Strong week for traditional gold but investors question if conglomerate theory is a steaming nugget

17th November 2017
Tim Treadgold

When the going gets tough, gold gets going. That was one aspect to business on the Australian stock market this week with traditional gold leaders, such as Northern Star and Evolution, having a great time, while the new nugget hunters had a horrid time.

The difference between long-term, handsomely profitable goldminers with known reserves and long-life production and the new players in the gold game was a perfect example of the old saying about “a bird in the hand being worth two in the bush”.

In the case of gold companies, old and new, it might reasonably have been expected that all players in that space would do well, simply because gold rose a few dollars (in US and Australian currency) while most other metals fell, especially iron ore, thanks to Chinese ports hanging out the “full” sign.

That wasn’t quite how it worked out as investors shifted from the speculative appeal of nugget hunters in the Pilbara region of WA to the known attributes of gold miners with proven track records.

Northern Star, for example, added a modest 24c to $5.76, but did trade up to a 12-month high of $5.78 on Wednesday and Thursday, thanks to its underlying flow of profits and an Aussie gold price that rose from $A1666 an ounce to $A1683/oz, a function of the US gold price (up slightly) and Australian dollar, down slightly. Evolution was another gold producer popular with investors, adding 8c to $2.54.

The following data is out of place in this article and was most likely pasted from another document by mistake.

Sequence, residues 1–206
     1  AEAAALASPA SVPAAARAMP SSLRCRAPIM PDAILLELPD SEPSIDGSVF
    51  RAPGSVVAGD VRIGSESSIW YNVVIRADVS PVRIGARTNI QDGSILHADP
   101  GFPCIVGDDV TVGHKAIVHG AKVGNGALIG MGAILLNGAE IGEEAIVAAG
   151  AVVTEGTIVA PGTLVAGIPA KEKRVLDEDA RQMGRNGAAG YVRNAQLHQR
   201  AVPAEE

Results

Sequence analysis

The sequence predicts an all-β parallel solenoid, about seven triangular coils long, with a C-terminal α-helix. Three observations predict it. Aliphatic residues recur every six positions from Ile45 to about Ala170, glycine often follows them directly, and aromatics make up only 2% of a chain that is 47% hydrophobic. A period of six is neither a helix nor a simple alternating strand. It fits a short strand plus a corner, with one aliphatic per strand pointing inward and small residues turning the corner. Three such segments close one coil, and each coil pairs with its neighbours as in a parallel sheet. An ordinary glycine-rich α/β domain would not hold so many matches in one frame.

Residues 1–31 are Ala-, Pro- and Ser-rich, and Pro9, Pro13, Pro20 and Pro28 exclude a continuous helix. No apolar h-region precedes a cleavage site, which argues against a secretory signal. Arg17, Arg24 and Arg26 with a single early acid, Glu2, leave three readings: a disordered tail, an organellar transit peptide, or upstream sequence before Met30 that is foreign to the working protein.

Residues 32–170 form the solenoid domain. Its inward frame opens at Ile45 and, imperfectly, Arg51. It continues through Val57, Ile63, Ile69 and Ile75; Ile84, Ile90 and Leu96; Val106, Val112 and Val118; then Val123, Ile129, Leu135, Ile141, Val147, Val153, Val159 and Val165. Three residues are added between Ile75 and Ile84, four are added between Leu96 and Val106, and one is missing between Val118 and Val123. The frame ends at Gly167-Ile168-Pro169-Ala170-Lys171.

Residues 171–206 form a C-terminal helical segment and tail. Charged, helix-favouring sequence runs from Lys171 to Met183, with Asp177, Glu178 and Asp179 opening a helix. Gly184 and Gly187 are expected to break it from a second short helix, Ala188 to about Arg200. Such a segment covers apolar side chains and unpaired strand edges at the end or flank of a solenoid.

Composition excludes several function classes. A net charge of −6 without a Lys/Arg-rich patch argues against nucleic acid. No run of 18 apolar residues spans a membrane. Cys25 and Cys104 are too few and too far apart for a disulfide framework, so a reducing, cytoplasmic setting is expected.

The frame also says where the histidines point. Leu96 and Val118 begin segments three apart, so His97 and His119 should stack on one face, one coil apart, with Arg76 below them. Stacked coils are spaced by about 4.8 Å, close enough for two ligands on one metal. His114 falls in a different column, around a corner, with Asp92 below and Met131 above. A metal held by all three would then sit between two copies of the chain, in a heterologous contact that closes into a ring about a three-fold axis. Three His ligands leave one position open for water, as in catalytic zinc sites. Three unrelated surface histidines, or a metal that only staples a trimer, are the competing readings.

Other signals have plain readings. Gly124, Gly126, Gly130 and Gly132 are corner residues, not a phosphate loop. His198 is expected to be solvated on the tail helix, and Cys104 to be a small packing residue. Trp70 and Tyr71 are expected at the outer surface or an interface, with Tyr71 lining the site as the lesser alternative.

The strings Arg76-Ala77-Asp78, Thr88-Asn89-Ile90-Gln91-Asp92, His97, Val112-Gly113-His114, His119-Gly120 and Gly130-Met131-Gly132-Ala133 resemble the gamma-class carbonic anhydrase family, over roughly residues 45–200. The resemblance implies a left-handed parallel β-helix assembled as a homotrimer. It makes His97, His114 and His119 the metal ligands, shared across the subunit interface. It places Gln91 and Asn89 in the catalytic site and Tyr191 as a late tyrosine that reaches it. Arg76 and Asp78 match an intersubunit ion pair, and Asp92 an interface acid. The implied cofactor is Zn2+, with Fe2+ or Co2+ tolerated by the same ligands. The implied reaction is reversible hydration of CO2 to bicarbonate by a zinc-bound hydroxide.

Meanwhile, in nugget land, enthusiasm is showing signs of fading as the reality of the need to finance hard-core exploration, such as getting on with the wide-diameter drilling which has been conspicuously absent, but is essential to prove that the Pilbara nuggets are more than a flash in a prospector’s pan.

Nugget leaders and the spec darlings of the past few months were largely down this week. Even Novo, the Canadian explorer largely responsible for the nugget frenzy, was in decline on the Toronto stock exchange, retreating from $C8.49 at this time last week to latest sales at $C7.18.